This album of gentle piano music has a definite meditative quality to it.
This is probably because of how Boyle prepares for one of her (reportedly infrequent) recordings, which involves going away to the top of a hill and thinking for years.
The sleeve notes say she has been doing this for 25 years: she thinks about the music she is playing “with concentration and in privacy”, and moved from London to a quiet hilltop in the south of Portugal, “where the quality of light , astonishing sunsets and silence” give her time to think in peace.
She also produced this album and makes all the editorial decisions and score marking, according to the sleeve notes, so after the thinking is done, she knows exactly what it is she wants to do.
The end result is something akin to Glen Gould’s Goldberg Variations, where the silence is as important as the notes.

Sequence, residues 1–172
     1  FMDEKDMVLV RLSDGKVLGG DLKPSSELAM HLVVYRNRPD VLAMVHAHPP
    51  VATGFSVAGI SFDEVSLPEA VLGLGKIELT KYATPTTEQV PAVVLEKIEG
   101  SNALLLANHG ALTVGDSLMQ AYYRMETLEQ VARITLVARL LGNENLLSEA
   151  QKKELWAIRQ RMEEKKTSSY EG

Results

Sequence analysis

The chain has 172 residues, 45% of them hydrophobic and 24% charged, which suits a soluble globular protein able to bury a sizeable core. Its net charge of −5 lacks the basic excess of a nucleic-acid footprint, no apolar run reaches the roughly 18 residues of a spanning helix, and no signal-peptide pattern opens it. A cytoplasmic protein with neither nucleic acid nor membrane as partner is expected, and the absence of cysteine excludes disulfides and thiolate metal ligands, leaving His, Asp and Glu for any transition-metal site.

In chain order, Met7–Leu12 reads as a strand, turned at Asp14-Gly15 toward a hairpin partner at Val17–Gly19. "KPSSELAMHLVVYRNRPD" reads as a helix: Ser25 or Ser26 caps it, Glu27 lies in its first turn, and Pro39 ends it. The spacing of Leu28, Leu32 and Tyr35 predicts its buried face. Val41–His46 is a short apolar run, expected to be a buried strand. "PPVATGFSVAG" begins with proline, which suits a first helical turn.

The piano was only invented during Bach’s lifetime, so he played the clavichord and harpsichord, preferring the former for it’s more delicate and subtle sound, and the changes in dynamic and tone it could could provide. Boyle has gone for the delicacy, and the music is calm throughout.
The Overture in the French Style was the last to be composed, published as Clavier-Ubung II in 1735. The work consists of an introductory piece, followed by a sequence of shorter dance movements. If you wanted a criticism, you could say the dance aspect was lost in Boyle’s zen-like rendition, although we don’t know the original piece to compare.
Elsewhere are the “inventions”, short pieces Bach wrote for one of his sons, Wilhelm Friedmann Bach, presented here as a selection of nine (of 15) sinfonia, intended as teaching material for “lovers of the keyboard, especially those who are keen to learn”. Keen to learn more, we can only assume he meant, as they’re not simple.
The titles and dates of the pieces are irrelevant, as it’s the overall sound that’s important.
The music of Bach played by a top pianist who has spent years thinking about how to play - if you want calm and measured music, there’s not much could beat this.
Out now on Divine Art DDA25190
Congleton Chronicle, July 11th 2019